I recently had an on-line debate over the usage of the word "gibberish". I'm not here to have it settled, but the argument it made me curious about usage conventions in general.

Back story: someone posted a politically charged message. I don't want to repeat it here lest people get polemic, so you'll have to take my word for it:
1. The statement was intelligible, and successfully communicated thepoint it was trying to make.

2. The statement was (for the sake of argument) perjorative andfoolish.
Another gentleman (let's call him E.S.) and I got into an argument over whether this message was "gibberish" or not.
We both referred to the American Heritage Dictionary for definitions. He claimed the message was gibberish based on the first sense of "gibberish" ("unintelligible or nonsensical talk or writing"), and the second sense of "nonsense": ("subject matter, behavior, or language that is foolish or absurd").
I claimed it was not gibberish because, in the dictionary, all senses of "gibberish" were concerned with unintelligibility, thus the word "gibberish" carried a strong connotation of unintelligibilty. Because it carried this strong connotation, it was incorrect for E.S. to use the second sense of "nonsense" to justify his labeling the message as gibberish. (The first sense of "nonsense" is "words or signs having no intelligible meaning", and that is the intended sense.)

I'm not looking for a judgment over who was right, but I'd be interested to know what are the rules of thumb here. Do connotations matter? If all senses of a word have a strong theme, does that invalidate defintions that could technically be true, but go against the connotation? I don't see how it could be possible that all senses of a word in a definition could be valid in general; context must always play some role in what sense to take a word at, but how important is context?
How do writers and editors handle things like this; I'm not a writer myself but I assume they check the dictionaries from time to time. What if such a situation turned up? If, say, I was an editor and E.S. was a writer, could I conceivably be right to make him change it?

What would a Usage Panel do? What do they take into consideration? What about the courts?
Thanks for reading, and for answering if you do that.

Carl Banks
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I recently had an on-line debate over the usage of the word "gibberish". I'm not here to have it settled, ... general; context must always play some role in what sense to take a word at, but how important is context?

I've read this three times and I can't get what you're on about. Wildly guessing, I think you want "gibberish" neatly bound and wrapped. It can't be.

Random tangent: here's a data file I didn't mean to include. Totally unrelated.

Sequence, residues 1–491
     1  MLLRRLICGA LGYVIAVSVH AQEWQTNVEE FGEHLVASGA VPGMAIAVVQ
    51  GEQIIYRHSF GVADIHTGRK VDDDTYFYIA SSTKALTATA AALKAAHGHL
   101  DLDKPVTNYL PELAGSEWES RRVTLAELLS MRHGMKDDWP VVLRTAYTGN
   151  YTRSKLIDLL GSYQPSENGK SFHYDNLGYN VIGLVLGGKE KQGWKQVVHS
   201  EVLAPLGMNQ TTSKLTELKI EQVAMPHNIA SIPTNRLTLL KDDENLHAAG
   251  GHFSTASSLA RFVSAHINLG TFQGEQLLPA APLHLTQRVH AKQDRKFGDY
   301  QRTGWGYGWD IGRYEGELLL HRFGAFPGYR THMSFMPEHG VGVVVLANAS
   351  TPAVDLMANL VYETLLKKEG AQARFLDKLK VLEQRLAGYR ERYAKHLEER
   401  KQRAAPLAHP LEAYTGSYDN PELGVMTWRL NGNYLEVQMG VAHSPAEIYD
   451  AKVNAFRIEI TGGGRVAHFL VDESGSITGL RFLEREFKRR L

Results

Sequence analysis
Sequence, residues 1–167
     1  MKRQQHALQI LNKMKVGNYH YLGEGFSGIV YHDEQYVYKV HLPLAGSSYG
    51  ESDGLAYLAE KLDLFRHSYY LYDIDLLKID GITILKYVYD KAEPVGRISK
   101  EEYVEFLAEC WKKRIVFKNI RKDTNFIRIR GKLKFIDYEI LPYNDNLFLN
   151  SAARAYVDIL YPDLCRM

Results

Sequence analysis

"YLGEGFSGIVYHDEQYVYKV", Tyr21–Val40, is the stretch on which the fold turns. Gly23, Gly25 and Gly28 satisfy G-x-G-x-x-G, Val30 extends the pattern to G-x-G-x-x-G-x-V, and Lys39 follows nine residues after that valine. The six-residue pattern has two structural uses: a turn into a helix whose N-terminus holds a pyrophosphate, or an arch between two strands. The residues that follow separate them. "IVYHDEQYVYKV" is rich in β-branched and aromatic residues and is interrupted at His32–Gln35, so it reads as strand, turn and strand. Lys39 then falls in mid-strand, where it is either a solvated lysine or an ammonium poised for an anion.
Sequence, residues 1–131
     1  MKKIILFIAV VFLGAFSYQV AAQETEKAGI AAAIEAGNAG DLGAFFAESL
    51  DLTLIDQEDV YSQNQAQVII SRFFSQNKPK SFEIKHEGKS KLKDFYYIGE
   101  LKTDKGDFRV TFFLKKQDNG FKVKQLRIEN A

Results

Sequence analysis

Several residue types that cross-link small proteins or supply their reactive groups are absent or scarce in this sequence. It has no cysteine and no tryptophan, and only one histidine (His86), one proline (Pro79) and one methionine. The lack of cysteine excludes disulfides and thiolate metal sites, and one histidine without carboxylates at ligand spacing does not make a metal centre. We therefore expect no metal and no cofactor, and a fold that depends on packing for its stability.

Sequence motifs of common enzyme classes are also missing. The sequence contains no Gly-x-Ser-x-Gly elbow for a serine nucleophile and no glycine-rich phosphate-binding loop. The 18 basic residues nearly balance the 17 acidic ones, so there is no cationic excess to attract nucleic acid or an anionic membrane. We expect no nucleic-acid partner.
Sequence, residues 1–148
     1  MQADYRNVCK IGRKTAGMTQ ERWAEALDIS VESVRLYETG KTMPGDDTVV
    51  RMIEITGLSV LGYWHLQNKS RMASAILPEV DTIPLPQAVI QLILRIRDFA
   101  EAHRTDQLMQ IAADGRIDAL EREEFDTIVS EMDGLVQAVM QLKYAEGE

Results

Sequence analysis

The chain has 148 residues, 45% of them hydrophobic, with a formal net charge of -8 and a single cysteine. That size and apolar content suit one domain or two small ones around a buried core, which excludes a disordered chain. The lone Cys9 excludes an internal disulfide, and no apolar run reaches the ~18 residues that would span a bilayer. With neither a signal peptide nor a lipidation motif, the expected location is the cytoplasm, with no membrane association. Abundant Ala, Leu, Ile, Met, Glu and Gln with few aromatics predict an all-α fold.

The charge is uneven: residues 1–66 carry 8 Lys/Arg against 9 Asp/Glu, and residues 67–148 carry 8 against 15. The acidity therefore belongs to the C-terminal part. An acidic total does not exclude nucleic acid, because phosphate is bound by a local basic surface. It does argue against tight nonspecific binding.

Gibberish can be a stream of sounds that aren't words. Gibberish can be a stream of valid words that have no meaning when viewed as a whole. Gibberish can be a stream of valid words that have a specific meaning when viewed as a whole, but the meaning is unintelligible to the hearer.
"Un buggle raggaboo" is gibberish. "A meaning detrimental to the possibilities obtained" is gibberish. "If an irreducible fraction p/q is a root of P, then p divides a0 and q divides a(subscript)n" is gibberish to me, but may not be gibberish to someone else.

Tony Cooper
Orlando, FL
I recently had an on-line debate over the usage of the word "gibberish". I'm not here to have it settled, ... gibberish. (The first sense of "nonsense" is "words or signs having no intelligible meaning", and that is the intended sense.)[/nq]I think I get this part. You and poster X disagree over whether poster A posted gibberish or merely wrote an inflammatory statement, but as to the rest, I have to agree with Tony. I don't know what you're getting at. Poster A could be understood, but could still be writing nonsense. Those who dislike Henry James make this claim daily about the later works. James writes perfectly cognizant English, but it is tremendously difficult to understand what he means half the time because he refuses to say clearly who was sleeping with whom, or what the particular evil is in a particular passage.

I am not terribly familiar with Woodhouse, but critics who love the fellow say he was a master at showing how unnecessary language is. Modern human beings wouldn't be what they are without it, but it does tend to lend itself to obsfucations and lack of clarity.